World number two truckmaker Volvo sank to an operating loss in the fourth quarter as orders slowed to a trickle, and said its key European market was likely to fall further this year.
But relief Volvo was still able to generate cash in the quarter, despite plummeting demand across all its main markets, sent its shares up 17.5% by 8:20 a.m. British time versus a 1.5% gain in the broader market.
The Swedish company reported an operating loss of SEK 999 million ($121 million) in October through December. The mean forecast in a Reuters poll of 18 analysts was for earnings to fall to 475 million from a year-ago of 5.78 billion. But the high level of uncertainty over how the truckmaker would cope with the dramatic downturn was reflected in the wildly differing estimates, ranging from a loss of 2.60 billion to a 3.37 billion profit.
“If you look to the tone of (CEO) Leif Johansson’s comments, these are less panic-stricken than in Q3,” Nordea analyst Johan Trocme said. “If you look to cash flow it was stronger than expected and it is obviously the case that they feel they can pay out a dividend of SEK 2 per share, which is a signal that they are not on the brink of a liquidity disaster.”
Slamming on the brakes at plants across the group, Volvo said it had been able to cut inventories, resulting in a positive cash flow of SEK 1.8 billion in the quarter, while its net debt remained low and its liquidity position strong.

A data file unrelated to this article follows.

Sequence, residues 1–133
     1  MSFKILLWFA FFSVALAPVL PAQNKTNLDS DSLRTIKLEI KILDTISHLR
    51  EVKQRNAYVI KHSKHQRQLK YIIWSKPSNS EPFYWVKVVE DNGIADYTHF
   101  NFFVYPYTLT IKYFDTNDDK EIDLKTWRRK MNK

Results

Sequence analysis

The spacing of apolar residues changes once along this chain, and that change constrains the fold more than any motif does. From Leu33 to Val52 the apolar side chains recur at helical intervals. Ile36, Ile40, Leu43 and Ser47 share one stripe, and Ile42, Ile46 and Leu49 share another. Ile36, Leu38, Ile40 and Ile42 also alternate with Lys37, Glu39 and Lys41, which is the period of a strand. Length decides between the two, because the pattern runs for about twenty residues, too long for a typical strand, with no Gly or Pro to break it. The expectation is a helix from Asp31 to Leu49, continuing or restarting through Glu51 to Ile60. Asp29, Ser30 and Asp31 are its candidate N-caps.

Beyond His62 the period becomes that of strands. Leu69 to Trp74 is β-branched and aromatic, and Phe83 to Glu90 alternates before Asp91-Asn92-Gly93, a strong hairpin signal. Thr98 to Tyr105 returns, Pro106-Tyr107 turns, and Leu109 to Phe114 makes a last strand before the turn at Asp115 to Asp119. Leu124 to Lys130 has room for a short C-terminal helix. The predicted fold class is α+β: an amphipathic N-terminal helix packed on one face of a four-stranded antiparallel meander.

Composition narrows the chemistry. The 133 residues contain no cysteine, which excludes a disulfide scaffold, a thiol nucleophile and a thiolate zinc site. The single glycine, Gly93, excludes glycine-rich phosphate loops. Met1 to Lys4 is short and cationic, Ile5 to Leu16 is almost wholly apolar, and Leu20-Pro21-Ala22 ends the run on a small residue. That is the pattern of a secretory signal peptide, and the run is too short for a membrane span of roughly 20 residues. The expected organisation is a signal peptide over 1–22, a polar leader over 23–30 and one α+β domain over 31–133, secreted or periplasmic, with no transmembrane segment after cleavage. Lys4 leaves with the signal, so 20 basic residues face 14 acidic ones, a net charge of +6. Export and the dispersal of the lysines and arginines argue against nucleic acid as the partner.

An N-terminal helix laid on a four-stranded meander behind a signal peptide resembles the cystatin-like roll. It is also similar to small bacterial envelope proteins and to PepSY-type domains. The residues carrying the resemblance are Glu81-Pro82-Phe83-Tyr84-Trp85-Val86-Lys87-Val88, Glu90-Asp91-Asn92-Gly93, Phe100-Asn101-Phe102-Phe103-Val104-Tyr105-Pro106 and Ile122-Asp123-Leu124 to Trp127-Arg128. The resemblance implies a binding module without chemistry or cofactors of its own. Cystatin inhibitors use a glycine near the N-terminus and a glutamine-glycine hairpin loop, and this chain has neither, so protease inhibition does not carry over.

The economic downturn spawned by the global financial crisis has crushed the highly cyclical demand for heavy-duty trucks across Europe in recent months, leaving Volvo and its rivals scrambling to cut costs and production capacity. The company said it expected the European heavy-duty truck market to decline to between 180,000 and 220,000 units this year from well over 300,000 vehicles in 2008 while the North American market was seen unchanged to somewhat down from already weak levels at 165,000 to 185,000 units.
“Customers were reluctant to place new orders while at the same time cancellation of already ordered trucks continued,” the company said in a statement. “In Europe net order bookings were negative in October and November but slightly positive in December as the high cancellation rates slowed down towards the end of the year.” “We do not expect a recovery in demand during the first half year, but with agreed and already implemented actions progressively penetrating during the first six months, we are prepared to cope with the troubling situation,” Volvo said.
Volvo is considered more vulnerable to the downturn than rivals such as Scania and Germany’s MAN, due to issue its quarterly results on February 19, whose more flexible labor forces leave them nimbler in times of declining demand. “The consequence of quickly reducing production pace is that it negatively impacts operating income in the short term,” the company said. “We will also feel the effects of this during the H1 of 2009.” (Reuters)